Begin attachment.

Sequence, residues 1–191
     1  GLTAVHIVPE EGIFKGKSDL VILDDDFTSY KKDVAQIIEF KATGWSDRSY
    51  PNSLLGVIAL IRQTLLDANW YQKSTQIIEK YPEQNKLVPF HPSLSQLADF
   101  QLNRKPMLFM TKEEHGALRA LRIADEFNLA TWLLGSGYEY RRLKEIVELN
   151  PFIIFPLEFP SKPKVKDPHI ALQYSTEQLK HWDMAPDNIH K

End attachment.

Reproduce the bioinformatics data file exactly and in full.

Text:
Sequence, residues 1–191
     1  GLTAVHIVPE EGIFKGKSDL VILDDDFTSY KKDVAQIIEF KATGWSDRSY
    51  PNSLLGVIAL IRQTLLDANW YQKSTQIIEK YPEQNKLVPF HPSLSQLADF
   101  QLNRKPMLFM TKEEHGALRA LRIADEFNLA TWLLGSGYEY RRLKEIVELN
   151  PFIIFPLEFP SKPKVKDPHI ALQYSTEQLK HWDMAPDNIH K